You currently do not have JavaScript enabled in your web browser.
The ABA website relies on JavaScript for display purposes.
To fully experience the ABA site, please enable javascript.
News Releases - Division of Media Relations and Communication Services - American Bar Association - Law - Legal

American Bar Association - News Release

Address Domestic Violence in the Workplace This October

By Alfred P. Carlton Jr.,
American Bar Association President

Domestic violence follows its victim. If the victim stays home, the violence stays home; but most victims are not at home. Like everyone else they are in the workplace – some are probably in your workplace – and the violence follows them there.

Abusers know their victims are vulnerable at work, and may stalk, harass, threaten, or even injure them there. They may disable transportation, destroy work clothing or papers, or batter the victim before an important work meeting. Their actions may lead to lost work time and wages, decreased productivity and morale, property damage, personal injury to both the intended victim and other employees, and possibly even corporate liability.

Victims at work ought not to be helpless. Employers must take steps to protect their employees against domestic violence in their workplace. The first step is to simply raise their own awareness of the possibility that their employee may be a victim, and learn how to identify victims – or perpetrators – of domestic violence. The next step is to adopt and publicize a policy to deal with such cases, a policy that holds the abuser, not the victim, accountable for acts of violence. Managers and supervisors must be trained on the policy, and all employees should know that help is available if they need it, and where to go to get it.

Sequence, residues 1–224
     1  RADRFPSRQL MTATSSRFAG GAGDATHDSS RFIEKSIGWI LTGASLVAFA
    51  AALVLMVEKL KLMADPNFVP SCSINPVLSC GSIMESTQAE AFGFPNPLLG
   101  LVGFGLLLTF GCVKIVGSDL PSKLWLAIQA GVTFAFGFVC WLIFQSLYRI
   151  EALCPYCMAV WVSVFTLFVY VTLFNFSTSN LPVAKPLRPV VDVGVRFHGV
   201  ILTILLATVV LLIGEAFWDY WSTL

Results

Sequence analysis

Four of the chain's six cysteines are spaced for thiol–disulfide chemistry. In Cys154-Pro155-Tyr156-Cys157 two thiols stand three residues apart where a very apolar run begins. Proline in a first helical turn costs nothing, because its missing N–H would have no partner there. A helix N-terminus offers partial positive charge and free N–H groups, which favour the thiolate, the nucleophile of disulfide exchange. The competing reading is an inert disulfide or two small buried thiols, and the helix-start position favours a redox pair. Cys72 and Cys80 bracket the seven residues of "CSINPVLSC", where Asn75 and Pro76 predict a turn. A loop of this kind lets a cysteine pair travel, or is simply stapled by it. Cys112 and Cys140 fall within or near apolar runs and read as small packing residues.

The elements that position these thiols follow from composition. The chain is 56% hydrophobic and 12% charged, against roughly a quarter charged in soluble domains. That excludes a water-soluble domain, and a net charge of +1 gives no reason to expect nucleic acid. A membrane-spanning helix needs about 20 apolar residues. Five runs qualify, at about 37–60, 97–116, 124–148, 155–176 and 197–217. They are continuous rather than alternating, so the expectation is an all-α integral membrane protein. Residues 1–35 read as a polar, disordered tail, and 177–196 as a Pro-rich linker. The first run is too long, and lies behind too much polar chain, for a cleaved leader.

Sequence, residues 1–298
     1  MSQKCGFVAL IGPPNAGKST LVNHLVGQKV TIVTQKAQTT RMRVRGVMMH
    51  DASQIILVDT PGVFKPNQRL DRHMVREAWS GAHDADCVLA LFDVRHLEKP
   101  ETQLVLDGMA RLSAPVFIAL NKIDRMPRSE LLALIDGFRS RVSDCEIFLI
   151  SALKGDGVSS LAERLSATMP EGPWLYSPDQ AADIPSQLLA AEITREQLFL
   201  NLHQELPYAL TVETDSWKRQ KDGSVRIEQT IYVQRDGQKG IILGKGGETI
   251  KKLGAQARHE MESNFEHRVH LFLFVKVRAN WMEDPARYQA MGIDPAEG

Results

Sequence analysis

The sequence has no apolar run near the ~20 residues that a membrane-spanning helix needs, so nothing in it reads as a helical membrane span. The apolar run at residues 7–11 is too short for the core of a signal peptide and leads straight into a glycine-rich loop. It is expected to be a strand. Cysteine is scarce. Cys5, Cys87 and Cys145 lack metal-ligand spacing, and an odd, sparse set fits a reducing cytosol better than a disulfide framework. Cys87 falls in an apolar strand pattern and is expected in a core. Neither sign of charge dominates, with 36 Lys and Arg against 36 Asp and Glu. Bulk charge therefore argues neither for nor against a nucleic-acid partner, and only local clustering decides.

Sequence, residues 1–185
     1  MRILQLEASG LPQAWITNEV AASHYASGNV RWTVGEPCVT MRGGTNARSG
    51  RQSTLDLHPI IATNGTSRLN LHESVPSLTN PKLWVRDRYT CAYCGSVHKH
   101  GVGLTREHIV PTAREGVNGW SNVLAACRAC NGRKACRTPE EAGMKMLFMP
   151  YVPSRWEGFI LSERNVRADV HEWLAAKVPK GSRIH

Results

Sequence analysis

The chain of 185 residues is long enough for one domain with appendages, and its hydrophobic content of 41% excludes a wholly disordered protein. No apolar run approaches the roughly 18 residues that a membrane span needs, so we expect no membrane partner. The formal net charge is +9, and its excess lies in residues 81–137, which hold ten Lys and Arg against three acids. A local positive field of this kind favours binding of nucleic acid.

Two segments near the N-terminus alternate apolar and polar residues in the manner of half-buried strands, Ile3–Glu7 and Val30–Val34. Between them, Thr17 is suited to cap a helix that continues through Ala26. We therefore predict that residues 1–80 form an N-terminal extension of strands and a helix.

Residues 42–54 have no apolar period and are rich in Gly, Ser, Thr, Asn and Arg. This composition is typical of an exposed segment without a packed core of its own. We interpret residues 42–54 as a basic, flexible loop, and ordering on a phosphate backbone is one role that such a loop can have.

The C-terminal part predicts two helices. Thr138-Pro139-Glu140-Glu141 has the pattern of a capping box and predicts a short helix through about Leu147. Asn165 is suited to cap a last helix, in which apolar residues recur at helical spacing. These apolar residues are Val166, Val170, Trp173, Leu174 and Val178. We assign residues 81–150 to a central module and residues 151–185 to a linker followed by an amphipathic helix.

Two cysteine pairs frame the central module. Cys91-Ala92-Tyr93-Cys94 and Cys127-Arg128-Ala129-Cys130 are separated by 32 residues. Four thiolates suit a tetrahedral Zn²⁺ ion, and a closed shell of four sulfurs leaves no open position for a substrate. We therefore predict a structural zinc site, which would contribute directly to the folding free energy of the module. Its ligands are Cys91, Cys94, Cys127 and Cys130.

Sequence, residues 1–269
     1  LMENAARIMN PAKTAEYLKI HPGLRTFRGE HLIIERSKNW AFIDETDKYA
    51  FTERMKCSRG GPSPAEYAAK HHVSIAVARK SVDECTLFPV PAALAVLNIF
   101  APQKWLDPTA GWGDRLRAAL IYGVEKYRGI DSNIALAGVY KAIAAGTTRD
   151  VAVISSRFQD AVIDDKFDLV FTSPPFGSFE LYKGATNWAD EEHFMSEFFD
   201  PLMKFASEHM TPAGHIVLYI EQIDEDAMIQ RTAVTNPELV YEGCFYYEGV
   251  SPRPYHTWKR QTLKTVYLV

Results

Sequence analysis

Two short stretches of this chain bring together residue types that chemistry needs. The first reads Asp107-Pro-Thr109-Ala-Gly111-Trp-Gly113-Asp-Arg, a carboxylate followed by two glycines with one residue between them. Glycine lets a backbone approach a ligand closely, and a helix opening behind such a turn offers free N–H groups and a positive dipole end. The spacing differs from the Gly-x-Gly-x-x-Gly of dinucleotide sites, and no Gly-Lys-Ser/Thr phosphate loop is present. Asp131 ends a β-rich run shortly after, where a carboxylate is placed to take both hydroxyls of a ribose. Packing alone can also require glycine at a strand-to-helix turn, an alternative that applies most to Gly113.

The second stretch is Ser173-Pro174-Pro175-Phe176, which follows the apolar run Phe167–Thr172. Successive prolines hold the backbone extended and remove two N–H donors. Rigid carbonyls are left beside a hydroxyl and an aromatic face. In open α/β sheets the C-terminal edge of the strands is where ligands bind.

Most human resources professionals, a full 78 percent, acknowledge partner violence as a workplace issue, and many employers are already doing something about it. Mary Kay, Inc., has taken the lead in educating its employees and sales force, and has made an American Bar Association brochure, ‘Steps to Safety,’ available through the Mary Kay Foundation at its website, www.marykay.com. The FBI is holding a conference on workplace domestic violence later this year, and is committed to working on this issue. The Department of Defense has created a task force to look at violence in the military, as it relates to domestic partner abuse.

This October, Domestic Violence Awareness Month, we hope that all employers will take steps to make their workplaces safer for their employees who may be victims or coworkers of victims of domestic abuse.

The ABA Commission on Domestic Violence, chaired by Laura Stein, General Counsel of H.J. Heinz Company, can help. In addition to its ‘Steps to Safety’ brochure, aimed primarily at victims, it has developed ‘A Guide for Employers: Domestic Violence in the Workplace’ to help employers formulate plans to deal with these issues. Information on how to get a copy is available at www.abanet.org/domviol/home.html or by calling 800/285-2221.

Domestic violence costs employers between $3 and $5 billion dollars each year in lost days of work and reduced productivity. The bottom line is: domestic violence hurts the "bottom line." This is an ideal time to get started in developing a safety protocol and strategy for your workplace. Your productivity and profitability may depend on it.